Map of an outbreak modelled in England and Wales

Analysis of a simulation run that used MetaWards to chart disease spread across England and Wales.

MetaWards is a SIR-based metapopulation disease modelling program. The software models individuals who move as metapopulations between home wards and work (or play) wards. This is a highly flexible program, that can model custom geographies, networks, diseases and demographics. You can use MetaWards directly from within Python (including Jupyter), R (including RStudio) or from the command line (terminal / console).

For more information, take a look at the quick start guide.

The program is designed to enable researchers to model how an infection may spread, and what impact different control measures or individual behaviours may make.

To this end, MetaWards features;

Output during modelling different self-isolation durations

Multiple connected networks enable complex scenarios to be modelled

  • a flexible plugin architecture that makes it easy to implement new control measures. For example, the tutorial shows how this can be used to model shielding, different lockdown scenarios and to investigate necessary durations of quarantine or self-isolation.

  • multi-network demographic support. Multiple networks can be run as a single combined group, with custom plugins used to merge data between networks, and conditionally move individuals between different demographics. We’ve used to model shielding and self-isolation, hospital admissions, impact of individuals returning from holidays etc.

Results of a shielding experiment

Built in metawards-plot tool for rapid visualisation of results, including across multiple networks

  • per-ward custom parameter support. Different wards can have different parameters, meaning that you can easily model local behaviour (e.g. local lockdowns, changes in local control measures etc.).

  • complete-detail and full control over horizontal and vertical movements through disease stages or across demographics. We’ve used this to model vaccination and also to model waning immunity, with individuals returned from the R or V stages back to S.

  • flexible data output support - again handled using an array of in-built or user-supplied data extraction plugin functions. Output the data you need in the format you want to perform analysis.

  • full reproducibility support baked in throughout. The code records enough data to make reproduction easy, with results designed to be the same given the same inputs, random number seed and number of threads.

  • a complete tutorial that takes you from beginning to learn how to run SIR simulations, to writing powerful plugins that let you model complex scenarios.

  • support for scanning design files for optimisation or sensitivity analysis of nearly all input parameters, plus any user custom parameters used in the main code or any plugins. These scans can use as much compute you have available, parallelising individual runs over multiple cores, and scaling multiple runs up to full supercomputers (if you are lucky enough to have access to one)…

RStudio screenshot

Run MetaWards and analyse results directly within RStudio via the MetaWards R interface.

  • …but - the individual code is optimised and can run happily on small laptops. Individual national-scale networks fit in approximately 80 MB of memory, and model runs can take 15-90 seconds to perform. This scales with the number of demographics that are added, but high performance and low memory consumption are design goals. Models using only a few wards are kilobytes, and take less than a second.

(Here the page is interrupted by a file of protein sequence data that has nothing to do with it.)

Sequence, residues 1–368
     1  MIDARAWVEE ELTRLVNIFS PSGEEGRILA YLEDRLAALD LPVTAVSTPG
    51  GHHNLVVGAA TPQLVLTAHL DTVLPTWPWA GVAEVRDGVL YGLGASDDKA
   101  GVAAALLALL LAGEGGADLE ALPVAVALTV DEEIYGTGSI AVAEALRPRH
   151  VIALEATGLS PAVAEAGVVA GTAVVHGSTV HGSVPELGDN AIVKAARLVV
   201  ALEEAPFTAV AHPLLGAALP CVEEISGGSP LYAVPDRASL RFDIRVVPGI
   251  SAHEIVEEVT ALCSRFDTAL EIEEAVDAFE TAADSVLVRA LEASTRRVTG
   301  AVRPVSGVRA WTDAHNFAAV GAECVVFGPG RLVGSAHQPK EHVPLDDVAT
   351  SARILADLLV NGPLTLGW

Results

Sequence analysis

• flexible input files that would enable modelling of any region or country to be undertaken (subject to good input data). Models of the UK and England and Wales have been created, and a Python and R API are provided to make it easy to create custom networks. These can model everything from individual wards or local geographies, up to full national- or international-scale metapopulation models.

Analysing data in pandas

Easily load compressed data files into pandas, R or Excel for analysis

  • a colourful, modern and informative console output, with full unicode support and progress indicators. All outputs are duplicated to text files to ensure that no data from a run is lost.

  • both command-line and API interfaces. Feel free to run MetaWards as a standalone program, or to use the Python or R API to embed it as part of a larger framework. A modular, robust design has been used, so feel free to take and re-use the parts of MetaWards that are most of use to you.

Running multiple jobs in parallel

Perform multiple runs in parallel, with live summary updates as jobs finish

Software design

MetaWards is a modern piece of software that has been engineered following recognised best practice, e.g. using a modular design, lots of documentation, copious run-time and unit tests, and following a “tutorial-driven” development philosophy.

The software is mostly Python, with C used (via cython) to accelerate key parts. An R interface is provided via reticulate. The code is parallelised using OpenMP, with multiple model runs parallelised using multiprocessing, scoop or MPI, via mpi4py.

We take testing very seriously, and have lots of unit, integration and run-time tests. These are run as part of our CI/CD system deployed via GitHub Actions The code has in-built developer support for debug logging and profiling, with full API docs available that we hope will help new developers get quickly up to speed.

We also take versioning and backwards compatibility seriously. We follow the semantic versioning system for the main API, which should give confidence to anyone wanting to build on top of MetaWards. We also maintain compatibility of inputs and outputs, with the strong aim that all tutorials will be runnable, as-is, in future versions of the code.